Choosing a web browser: Security

26th March, 2010

This is the second post in our series of posts to help inform you about what to look for when choosing a Web browser. Read our previous post for some starting points, or read on for more information about browsers and your online security, privacy and data.

What should I look for?

Your privacy online is an important aspect of choosing your browser. Your browsing history generates an enormous amount of personal information about you and your interests. The nature of the Web means the sites you go to will have a record of your visit (by your “IP address”, a unique number which identifies your computer on the Internet), and this data is also stored in your browser. Some browsers allow you to choose whether this data is collected, or to delete this data after you have visited a website. On the other hand, the browser supplier may have access to all this information collected about you. If this is a concern, we strongly recommend reading the privacy policy of the software you’re using or considering.

Your online security is also very important, particularly if you share personal information such as credit card details while shopping or banking online. Some browsers contain features to help you identify online scams (“phishing”), malicious software (“malware”) or sites which have been compromised. Familiarise yourself with the security options your chosen browser offers (usually described on the browser’s website), and always use the most up-to-date version of your browser to protect yourself against the latest threats.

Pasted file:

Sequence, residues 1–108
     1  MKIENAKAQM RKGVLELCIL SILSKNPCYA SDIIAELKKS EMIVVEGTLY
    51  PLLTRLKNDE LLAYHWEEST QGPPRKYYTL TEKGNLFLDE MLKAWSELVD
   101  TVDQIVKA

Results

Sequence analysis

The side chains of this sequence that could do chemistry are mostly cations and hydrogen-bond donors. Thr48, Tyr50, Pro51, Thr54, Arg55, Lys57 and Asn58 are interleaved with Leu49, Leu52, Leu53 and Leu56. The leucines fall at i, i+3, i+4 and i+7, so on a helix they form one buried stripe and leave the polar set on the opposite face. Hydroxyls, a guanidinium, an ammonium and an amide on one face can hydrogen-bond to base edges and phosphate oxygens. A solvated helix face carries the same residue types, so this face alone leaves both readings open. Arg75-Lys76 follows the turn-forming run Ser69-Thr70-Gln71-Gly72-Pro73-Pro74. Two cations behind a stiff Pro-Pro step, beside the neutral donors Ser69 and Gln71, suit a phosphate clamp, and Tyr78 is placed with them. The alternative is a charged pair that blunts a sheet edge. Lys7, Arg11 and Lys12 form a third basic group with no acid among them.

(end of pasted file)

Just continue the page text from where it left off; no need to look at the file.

Finally, your browser can make managing your online data easy! As we spend more and more time online, we create and share more data about ourselves: bookmarks (also called favourites), browsing history, and passwords. It can be difficult to remember all your passwords or find a site you visited weeks earlier, so being able to access this data and even move it from one computer to another can be extremely useful. Several browsers allow you to do this, thus giving you “anytime, anywhere” access to your information.

We’d love to hear your comments on what you think are the most important things to consider when thinking about the security of your browser. Stay tuned for our next post on customising your browser to your needs.

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